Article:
Tayside mental health services bosses anticipated a staffing crisis six years before the Mulberry Unit opened on “borrowed time”.
The revelation has emerged as the region’s integrated joint boards prepare to rubber-stamp the centralisation of all acute general adult psychiatry (GAP) to Dundee next week.
Director-level correspondence obtained by the Scottish Conservatives revealed former NHS Tayside bosses knew the three-site mental health model for Angus, Dundee and Perth was unsustainable in 2006.
It also shows the current board knew a shortage of junior doctors would lead to the closure of the Stracathro Hospital ward, 11 months before it happened last February.
The General Adult Psychiatry unit had been touted as a modern replacement for Sunnyside Hospital, as part of the £26.5 million Susan Carnegie Centre at Stracathro.
The decision to press on with a three-site model was last night branded “short-sighted” by North East region MSP Liam Kerr.
He said: “It appears that the senior figures of 2016 knew it wouldn’t be possible to keep three GAP sites open.
“And the consensus among their own staff was that a decision to close the Mulberry had already been taken – 11 months before it had to for staffing reasons.
“The ward was set up on borrowed time in 2012.
“People have put a lot of time and effort into petitions, the consultation and writing to my office over what has turned out to be a done deal.”
The dossier revealed the then health board knew a three-site model – involving GAP services at Mulberry, Perth’s Murray Royal Hospital and the Carseview Centre in Dundee – was based on a risky decision when staffing was already an issue.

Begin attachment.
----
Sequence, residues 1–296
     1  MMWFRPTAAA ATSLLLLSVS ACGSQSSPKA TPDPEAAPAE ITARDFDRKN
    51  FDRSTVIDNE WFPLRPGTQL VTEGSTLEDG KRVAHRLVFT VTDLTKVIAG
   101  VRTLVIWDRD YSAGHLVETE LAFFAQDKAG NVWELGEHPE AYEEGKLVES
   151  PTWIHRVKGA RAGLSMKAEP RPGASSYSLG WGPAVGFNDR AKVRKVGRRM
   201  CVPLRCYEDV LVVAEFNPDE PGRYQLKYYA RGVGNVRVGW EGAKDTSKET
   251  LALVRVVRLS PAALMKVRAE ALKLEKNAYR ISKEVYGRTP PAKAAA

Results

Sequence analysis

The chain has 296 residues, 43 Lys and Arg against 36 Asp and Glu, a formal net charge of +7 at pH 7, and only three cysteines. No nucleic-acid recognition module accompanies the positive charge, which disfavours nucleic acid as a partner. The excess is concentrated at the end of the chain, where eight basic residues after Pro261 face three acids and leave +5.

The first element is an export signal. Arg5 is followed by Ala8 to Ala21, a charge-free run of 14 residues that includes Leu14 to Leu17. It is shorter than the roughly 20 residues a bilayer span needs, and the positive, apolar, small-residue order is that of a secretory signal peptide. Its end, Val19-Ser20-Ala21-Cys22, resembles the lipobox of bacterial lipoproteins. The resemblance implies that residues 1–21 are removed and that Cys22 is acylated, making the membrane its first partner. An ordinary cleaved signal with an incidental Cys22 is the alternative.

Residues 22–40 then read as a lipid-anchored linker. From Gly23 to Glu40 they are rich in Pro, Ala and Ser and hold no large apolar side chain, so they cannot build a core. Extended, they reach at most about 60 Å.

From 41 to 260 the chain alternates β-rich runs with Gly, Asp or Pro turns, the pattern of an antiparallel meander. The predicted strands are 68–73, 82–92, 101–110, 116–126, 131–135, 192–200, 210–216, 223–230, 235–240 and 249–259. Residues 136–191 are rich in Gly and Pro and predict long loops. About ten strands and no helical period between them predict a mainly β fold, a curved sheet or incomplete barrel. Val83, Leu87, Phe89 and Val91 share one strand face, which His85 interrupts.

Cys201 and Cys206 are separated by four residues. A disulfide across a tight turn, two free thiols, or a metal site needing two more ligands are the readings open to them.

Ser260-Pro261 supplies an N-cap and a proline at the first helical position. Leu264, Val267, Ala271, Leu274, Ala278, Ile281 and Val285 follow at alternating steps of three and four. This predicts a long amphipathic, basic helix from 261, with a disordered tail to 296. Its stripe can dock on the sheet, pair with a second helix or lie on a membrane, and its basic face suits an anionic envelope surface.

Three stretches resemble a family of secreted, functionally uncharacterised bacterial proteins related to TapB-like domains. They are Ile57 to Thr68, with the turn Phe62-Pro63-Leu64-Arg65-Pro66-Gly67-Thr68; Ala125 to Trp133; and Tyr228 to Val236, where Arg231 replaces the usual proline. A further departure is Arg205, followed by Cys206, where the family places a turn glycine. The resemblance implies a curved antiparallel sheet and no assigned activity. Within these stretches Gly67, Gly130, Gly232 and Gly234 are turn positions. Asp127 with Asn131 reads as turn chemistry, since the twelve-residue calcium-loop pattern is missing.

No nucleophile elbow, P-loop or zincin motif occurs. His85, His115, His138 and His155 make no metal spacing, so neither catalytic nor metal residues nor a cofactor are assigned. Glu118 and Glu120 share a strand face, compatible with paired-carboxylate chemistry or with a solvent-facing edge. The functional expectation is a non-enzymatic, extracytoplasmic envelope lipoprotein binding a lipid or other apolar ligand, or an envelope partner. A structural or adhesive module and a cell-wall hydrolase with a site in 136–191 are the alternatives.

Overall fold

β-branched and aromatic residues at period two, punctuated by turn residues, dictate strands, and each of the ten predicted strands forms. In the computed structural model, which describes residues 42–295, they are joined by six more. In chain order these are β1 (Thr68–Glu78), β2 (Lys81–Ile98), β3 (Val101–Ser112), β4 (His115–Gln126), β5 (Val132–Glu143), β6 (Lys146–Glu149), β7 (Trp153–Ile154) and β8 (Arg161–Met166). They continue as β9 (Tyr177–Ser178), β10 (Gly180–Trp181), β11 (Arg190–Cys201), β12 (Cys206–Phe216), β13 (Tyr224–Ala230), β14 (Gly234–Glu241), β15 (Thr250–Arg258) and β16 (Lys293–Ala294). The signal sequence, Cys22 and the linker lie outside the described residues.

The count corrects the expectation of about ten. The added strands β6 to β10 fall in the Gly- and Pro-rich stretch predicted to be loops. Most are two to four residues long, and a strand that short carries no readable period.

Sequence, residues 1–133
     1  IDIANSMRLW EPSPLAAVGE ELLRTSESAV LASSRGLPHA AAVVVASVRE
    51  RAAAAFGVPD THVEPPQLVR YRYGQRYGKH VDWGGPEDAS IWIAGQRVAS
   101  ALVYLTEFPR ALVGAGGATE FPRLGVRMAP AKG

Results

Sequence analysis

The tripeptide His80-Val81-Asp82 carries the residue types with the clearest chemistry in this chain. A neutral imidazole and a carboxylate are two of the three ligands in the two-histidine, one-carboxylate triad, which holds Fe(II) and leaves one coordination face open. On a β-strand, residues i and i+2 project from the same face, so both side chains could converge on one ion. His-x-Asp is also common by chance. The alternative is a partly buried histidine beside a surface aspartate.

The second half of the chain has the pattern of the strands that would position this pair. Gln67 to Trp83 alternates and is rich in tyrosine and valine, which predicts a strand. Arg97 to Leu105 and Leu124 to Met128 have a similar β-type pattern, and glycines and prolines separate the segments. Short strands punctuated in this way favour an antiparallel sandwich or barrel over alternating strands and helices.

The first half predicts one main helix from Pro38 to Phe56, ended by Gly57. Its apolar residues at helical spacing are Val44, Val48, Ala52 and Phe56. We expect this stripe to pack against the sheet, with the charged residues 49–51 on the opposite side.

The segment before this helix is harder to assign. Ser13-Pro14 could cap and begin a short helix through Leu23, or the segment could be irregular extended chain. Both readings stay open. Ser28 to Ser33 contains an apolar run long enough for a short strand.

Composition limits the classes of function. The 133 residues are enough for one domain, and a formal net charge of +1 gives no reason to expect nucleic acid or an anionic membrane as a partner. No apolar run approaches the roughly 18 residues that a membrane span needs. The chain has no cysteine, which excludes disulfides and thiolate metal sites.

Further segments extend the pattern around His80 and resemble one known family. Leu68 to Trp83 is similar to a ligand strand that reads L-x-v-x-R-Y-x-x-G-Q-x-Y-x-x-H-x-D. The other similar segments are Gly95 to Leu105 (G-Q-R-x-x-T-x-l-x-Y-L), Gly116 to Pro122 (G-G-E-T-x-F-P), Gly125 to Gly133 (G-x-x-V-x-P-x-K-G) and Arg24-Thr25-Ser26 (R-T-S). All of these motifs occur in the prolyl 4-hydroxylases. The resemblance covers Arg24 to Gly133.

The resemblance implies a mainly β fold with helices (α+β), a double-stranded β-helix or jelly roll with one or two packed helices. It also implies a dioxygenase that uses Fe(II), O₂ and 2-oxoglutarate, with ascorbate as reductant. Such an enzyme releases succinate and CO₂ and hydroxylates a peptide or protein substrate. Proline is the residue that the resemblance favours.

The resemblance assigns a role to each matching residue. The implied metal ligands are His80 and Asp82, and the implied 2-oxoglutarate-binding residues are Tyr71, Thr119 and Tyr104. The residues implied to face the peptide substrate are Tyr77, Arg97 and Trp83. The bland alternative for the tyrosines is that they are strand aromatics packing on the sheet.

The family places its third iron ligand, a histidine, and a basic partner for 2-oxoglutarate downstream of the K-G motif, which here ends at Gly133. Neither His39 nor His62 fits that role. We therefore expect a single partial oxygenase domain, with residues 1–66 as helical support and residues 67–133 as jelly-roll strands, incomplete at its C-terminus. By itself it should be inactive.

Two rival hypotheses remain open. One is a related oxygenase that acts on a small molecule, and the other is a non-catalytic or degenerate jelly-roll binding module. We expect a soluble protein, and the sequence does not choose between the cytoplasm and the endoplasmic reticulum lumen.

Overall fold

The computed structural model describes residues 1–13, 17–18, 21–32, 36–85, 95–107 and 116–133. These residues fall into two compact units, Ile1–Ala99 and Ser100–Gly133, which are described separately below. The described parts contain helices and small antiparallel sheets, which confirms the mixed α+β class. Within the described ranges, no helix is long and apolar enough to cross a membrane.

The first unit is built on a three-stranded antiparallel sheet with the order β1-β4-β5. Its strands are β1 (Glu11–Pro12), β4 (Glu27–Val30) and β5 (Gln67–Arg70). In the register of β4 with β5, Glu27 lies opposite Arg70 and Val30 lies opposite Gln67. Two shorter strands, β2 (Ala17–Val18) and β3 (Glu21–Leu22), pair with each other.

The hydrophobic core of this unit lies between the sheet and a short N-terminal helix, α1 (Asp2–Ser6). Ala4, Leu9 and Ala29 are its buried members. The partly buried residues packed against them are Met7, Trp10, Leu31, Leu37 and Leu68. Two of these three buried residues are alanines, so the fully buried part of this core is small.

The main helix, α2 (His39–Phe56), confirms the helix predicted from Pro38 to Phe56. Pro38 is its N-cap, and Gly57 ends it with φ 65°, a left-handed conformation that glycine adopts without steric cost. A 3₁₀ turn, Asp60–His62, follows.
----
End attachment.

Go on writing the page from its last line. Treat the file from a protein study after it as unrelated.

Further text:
The Mulberry closed to GAP in February 2017 because of a shortage of junior doctors.
A March 2016 meeting of the current Tayside Health Board heard comments on “a perception that closure of the Mulberry Unit in Stracathro had already been decided” and concerns that a “lack of evidence was supplied in relation to the possible closure of the Mulberry Unit”.
The board was keen on a two-site model at that stage and considered closing Mulberry. Emails in November 2016 also showed a new ward at Carseview would be needed to allow for contingency plans.
Chief Officer for Perth and Kinross health and social care partnership Robert Packham said: “Continuing to provide GAP services across three sites is not a sustainable model of care and could pose a significant clinical risk to patients and staff, due to workforce issues including a national shortage of junior doctors, high levels of consultant vacancies and an ageing nursing workforce.
“Patient safety is our overriding priority and to ensure we can continue to deliver a high quality of care, it has been necessary to look at the way we provide these services and look at alternative models of care through the redesign programme.
“No decision has been made on the preferred option, which would see all GAP acute admissions provided from Carseview Centre in Dundee and all learning disability inpatient services provided at Murray Royal Hospital.”
The decision on whether to move forward with the proposed new model will be made by Perth and Kinross integration joint board at its meeting on January 26.